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In estate planning, revocable living trusts or revocable trusts are commonly referred to as simply “living trusts.”
Living trusts refer to trusts established during one’s lifetime, as opposed to testamentary trusts, which are created upon one’s death. Living trusts can be revocable or irrevocable, depending upon whether the trust can be modified or changed.
Here we discuss revocable living trusts, where the creator — or grantor — can change the trust as long as he or she is physically and mentally able.
What is a revocable living trust, revocable trust or living trust?
A revocable living trust is an estate planning tool that serves a variety of purposes. It can help you and your family prepare for an uncertain future. It can help your estate and your heirs avoid the hassle and costs of probate. And it can preserve your privacy.
As with all trusts, a living trust is a legal document by which the grantor retitles certain personal assets in the name of the trust and authorizes a trustee to manage those assets as instructed for the benefit of the grantor and any beneficiaries.
In a simple living trust, the grantor is often the trustee but also names a successor or co-trustee. The assets eventually will pass to the trust's beneficiaries.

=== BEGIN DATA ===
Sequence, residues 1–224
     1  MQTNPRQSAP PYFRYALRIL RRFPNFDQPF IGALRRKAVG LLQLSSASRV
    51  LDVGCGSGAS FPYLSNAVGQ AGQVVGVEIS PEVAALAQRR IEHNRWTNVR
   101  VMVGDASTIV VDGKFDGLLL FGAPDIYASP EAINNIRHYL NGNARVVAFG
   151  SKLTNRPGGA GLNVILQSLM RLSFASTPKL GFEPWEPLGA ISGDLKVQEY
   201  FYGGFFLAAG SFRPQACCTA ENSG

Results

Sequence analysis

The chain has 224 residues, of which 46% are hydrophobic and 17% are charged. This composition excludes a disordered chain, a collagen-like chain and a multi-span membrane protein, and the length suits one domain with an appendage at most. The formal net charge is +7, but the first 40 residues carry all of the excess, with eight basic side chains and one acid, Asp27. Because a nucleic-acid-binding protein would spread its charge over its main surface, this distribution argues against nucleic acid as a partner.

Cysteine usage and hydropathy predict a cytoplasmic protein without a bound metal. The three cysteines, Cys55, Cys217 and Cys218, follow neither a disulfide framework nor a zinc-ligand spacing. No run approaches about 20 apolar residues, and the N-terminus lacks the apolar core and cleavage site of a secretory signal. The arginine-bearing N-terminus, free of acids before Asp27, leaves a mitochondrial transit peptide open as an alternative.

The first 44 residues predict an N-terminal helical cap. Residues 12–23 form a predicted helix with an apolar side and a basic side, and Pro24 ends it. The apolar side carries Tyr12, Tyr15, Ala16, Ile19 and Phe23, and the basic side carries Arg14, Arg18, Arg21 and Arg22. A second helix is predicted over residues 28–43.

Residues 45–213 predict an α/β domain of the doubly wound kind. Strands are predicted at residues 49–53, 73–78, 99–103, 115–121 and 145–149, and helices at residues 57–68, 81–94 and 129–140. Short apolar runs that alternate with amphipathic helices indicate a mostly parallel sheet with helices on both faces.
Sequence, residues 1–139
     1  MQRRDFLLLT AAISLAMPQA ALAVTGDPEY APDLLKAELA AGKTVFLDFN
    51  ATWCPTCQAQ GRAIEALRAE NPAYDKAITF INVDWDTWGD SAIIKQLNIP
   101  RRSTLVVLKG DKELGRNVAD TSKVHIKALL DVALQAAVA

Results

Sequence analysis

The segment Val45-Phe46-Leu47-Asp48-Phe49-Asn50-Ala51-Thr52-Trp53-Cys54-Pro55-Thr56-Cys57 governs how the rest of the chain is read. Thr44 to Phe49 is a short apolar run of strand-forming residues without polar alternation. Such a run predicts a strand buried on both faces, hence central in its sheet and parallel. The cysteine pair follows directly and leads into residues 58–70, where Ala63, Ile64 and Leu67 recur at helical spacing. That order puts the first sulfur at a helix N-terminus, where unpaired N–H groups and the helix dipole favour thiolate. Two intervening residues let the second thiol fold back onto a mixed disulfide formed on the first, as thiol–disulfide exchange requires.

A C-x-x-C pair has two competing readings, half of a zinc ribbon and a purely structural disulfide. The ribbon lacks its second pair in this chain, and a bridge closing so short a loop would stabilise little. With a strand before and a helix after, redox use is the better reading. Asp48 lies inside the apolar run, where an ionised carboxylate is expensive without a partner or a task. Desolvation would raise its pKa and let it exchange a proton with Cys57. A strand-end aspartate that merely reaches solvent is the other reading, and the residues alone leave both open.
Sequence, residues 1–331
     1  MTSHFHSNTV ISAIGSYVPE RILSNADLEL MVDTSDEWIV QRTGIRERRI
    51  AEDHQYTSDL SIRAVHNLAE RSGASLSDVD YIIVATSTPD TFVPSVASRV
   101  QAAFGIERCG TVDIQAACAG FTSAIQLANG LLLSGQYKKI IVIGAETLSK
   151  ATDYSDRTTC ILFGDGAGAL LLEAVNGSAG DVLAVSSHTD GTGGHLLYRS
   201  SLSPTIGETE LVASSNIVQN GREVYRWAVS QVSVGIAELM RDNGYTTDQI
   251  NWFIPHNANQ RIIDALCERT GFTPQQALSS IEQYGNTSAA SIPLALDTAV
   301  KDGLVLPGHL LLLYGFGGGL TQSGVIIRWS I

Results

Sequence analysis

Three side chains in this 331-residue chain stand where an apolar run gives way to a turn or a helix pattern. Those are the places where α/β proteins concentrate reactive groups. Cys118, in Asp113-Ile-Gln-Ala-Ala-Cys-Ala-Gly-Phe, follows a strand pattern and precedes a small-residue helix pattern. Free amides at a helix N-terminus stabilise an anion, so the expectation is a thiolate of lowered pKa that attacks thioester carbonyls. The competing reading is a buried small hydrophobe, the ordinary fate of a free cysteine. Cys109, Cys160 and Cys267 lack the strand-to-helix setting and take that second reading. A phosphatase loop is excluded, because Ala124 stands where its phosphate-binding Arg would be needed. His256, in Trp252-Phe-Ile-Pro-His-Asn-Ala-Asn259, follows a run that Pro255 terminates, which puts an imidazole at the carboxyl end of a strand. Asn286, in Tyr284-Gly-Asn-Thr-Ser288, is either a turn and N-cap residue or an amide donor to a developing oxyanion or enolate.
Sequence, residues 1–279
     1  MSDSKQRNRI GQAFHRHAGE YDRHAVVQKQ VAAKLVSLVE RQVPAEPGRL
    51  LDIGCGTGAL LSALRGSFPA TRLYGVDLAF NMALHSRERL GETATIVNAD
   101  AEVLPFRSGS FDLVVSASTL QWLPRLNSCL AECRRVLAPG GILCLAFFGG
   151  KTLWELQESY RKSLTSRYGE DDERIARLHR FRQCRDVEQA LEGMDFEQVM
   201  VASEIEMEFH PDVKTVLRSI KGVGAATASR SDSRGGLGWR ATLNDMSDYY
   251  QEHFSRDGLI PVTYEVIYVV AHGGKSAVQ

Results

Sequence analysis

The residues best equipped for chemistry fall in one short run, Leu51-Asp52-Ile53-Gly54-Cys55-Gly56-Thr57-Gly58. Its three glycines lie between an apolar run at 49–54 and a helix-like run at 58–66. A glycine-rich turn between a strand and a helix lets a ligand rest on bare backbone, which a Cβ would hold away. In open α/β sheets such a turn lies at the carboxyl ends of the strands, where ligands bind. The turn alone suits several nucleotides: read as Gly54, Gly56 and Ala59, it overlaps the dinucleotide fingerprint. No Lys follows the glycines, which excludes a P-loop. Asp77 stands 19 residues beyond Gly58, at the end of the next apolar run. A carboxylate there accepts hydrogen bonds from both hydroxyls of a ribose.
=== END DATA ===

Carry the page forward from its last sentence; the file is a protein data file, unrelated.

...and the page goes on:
Do you need a living trust?
As with everything financial, it depends on your situation. However, there are some general instances in which a revocable living trust could be a good idea.
1. When incapacity seems likely
As we age, health plays a large role in our quality of life. A 2020 study by Edward Jones and Age Wave found that retirees' most-feared condition continues to be Alzheimer's and other dementias. Losing their memories and becoming a burden to their families scare older Americans more than cancer, infectious diseases like COVID-19, stroke or heart attacks.
The Alzheimer's Association projects that 12.7 million Americans aged 65 and older will have Alzheimer's dementia by 2050. If you're worried about memory loss or incapacity in older age, setting up a trust can help get your affairs in order, designate someone you trust to oversee your wishes and put you at ease.
Since there's no way to know exactly when an ailing person might become incapacitated, the trust option allows for smooth transition planning.
The trust must be created when the ailing person is deemed mentally capable of agreeing to the document. Otherwise, it won't be legally binding.
The successor trustee takes over sole management responsibility after the grantor dies or is determined to be incapable of handling their financial affairs.
2. When you want to avoid probate
Probate is the legal process during which a court validates your will and then authorizes your executor to distribute your estate to your beneficiaries as you instructed. If you die without a will — or “intestate,” in legal terms — the probate court decides how to distribute your property and to whom.
Probate, however, applies only to assets that are part of your personal estate when you die. If you establish a living trust and legally place property into the trust, that property is no longer subject to probate oversight.
For those who own property in multiple states, a living trust can be especially beneficial. Instead of having to keep up with and handle probate in multiple states, transferring these properties into a trust helps you bypass the headache of potentially lengthy and costly court proceedings.